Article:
There was no strong influence on the relationship between the health data collected by the comprehensive health check-up and HRQL indicated by EQ-5D-5L. It can be considered that blood biochemical data do not directly affect the five dimensions of mobility, self-care, usual activities, pain/discomfort, and anxiety/depression, as indicated by EQ-5D.

The relationship between lifestyle and HRQL does have an impact, particularly alcohol intake, daily physical activity, exercise habit, and sleep patterns. Regarding alcohol intake, since people with drinking habits showed higher HRQL scores, this indicates that drinking does not lower HRQL. Drinking can be considered to have a positive influence on HRQL, since as indicated in several previous studies [17,18,19], moderate alcohol consumption has an effect of preventing cardiac disease. In South Korea, abstinence from alcohol consumption resulted in a higher quality of life for elderly people living in the community [20], while people in NYHA class I who consume moderate amounts of alcohol tend to have a better quality of life [21]. Since the present study targeted adults over 21 years old, moderate alcohol intake is considered to have a positive influence on HRQL for all generations. Paradoxically, however, there may have been some factors that lower HRQL more for non-drinkers than for those who do drink. The relationship between alcohol consumption and HRQL requires further investigation because there is insufficient evidence. In addition, an examination of daily physical activity shows that HRQL is lower for those who do not move their bodies often compared with those who do. Past studies and reviews have reported that physical activity produces a high quality of life [22,23,24,25,26]. However, many of these were profile-type scales, such as SF-36 and WHOQOL. Therefore, it is meaningful that this has also been confirmed for preference-based HRQL. Finally, lack of proper sleep was shown to lower HRQL. The relationship between sleep and HRQL has shown that moderate sleep of approximately 7 h brings a high quality of life, but HRQL declines with either too much or too little sleeping [27, 28]. In this study, we only investigated lack of sleep, but the results are similar to previous studies. As described above, various lifestyle factors are related to the HRQL score indicated by EQ-5D- 5 L, but their causal relationships could not be clarified. In the future, it is considered that it is necessary to verify of lifestyle factors on future HRQL, while clarifying the causal relation between lifestyle factors and HRQL in more detail.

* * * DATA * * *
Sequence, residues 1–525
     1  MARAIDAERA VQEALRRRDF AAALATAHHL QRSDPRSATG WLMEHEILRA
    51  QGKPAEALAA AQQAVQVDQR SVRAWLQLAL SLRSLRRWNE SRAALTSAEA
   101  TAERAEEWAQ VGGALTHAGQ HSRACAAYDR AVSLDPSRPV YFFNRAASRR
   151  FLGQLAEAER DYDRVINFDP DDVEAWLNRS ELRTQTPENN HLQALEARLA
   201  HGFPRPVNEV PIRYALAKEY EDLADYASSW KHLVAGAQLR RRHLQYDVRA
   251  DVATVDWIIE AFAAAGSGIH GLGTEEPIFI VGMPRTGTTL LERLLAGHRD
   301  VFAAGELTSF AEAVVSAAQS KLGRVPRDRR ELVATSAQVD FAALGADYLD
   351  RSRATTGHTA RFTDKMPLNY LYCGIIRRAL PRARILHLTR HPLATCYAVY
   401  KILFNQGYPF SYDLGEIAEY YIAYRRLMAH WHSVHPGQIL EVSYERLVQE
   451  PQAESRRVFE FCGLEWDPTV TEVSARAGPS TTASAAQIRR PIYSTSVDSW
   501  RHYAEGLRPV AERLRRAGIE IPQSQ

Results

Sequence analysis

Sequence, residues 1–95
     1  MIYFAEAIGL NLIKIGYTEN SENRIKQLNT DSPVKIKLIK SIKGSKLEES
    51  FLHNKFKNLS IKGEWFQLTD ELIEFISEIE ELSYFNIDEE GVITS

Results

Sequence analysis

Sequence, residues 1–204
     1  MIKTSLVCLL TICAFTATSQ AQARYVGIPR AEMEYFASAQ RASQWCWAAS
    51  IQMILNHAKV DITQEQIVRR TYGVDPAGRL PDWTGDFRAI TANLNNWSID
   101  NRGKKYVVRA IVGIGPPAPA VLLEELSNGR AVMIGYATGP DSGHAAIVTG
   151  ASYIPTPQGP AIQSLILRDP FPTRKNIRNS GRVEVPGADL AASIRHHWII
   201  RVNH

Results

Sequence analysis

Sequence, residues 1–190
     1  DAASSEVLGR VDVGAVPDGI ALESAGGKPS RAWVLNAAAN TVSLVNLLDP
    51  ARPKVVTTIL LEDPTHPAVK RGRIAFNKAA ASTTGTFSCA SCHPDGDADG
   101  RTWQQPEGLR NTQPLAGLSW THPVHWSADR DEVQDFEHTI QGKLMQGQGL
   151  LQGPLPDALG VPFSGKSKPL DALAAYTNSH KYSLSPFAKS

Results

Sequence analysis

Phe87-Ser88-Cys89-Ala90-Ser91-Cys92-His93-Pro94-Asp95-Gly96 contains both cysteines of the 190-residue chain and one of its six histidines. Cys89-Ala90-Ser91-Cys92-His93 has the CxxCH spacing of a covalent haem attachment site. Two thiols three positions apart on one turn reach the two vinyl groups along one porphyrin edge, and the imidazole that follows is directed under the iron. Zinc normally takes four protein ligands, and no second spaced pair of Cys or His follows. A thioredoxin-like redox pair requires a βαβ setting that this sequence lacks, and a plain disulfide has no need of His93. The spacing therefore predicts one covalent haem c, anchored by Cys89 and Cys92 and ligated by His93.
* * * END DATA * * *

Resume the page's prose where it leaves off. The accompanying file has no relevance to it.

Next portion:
One of the limitations of this study is that the sample size is small compared to other studies targeting healthy subjects. Moreover, the study was only conducted in one hospital. Further research should clarify the relationship between chronic disease and HRQL scores, by increasing the sample size and conducting a longer-term survey. We would also like to reduce any possible bias that may accrue from including so few participating facilities by conducting a multi-facilities collaborative research project.

Conclusions

In this study, we showed the HRQL of healthy subjects as indicated by EQ-5D-5L through a comprehensive health check-up, and clarified the relationship between demographic characteristics, blood biochemical data, and lifestyle behavior. It was shown that the factors leading to a decline of HRQL are being female and over 70 years of age, while factors that keep HRQL high are alcohol intake, high levels of physical activity in daily life, and adequate sleep. The results of this study will provide good suggestions for public health policies, including care prevention.

Availability of data and materials

The datasets generated and analyzed during the current study are not publicly available due to reasons of data protection but are available from the Institute of Occupational Therapy, Niigata University of Health and Welfare, on reasonable request.

References

  1. 1.

    Shiroiwa T, Fukuda T, Ikeda S, et al. Development of an official guideline for the economic evaluation of drugs/medical devices in Japan. Value Health. 2017;20(3):372–8.

    PubMed  Google Scholar 

  2. 2.

    Tsuchiya A, Ikeda S, Ikegami N, et al. Estimating an EQ-5D population value set: the case of Japan. Health Econ. 2002;11(4):341–53.

    PubMed  Google Scholar 

  3. 3.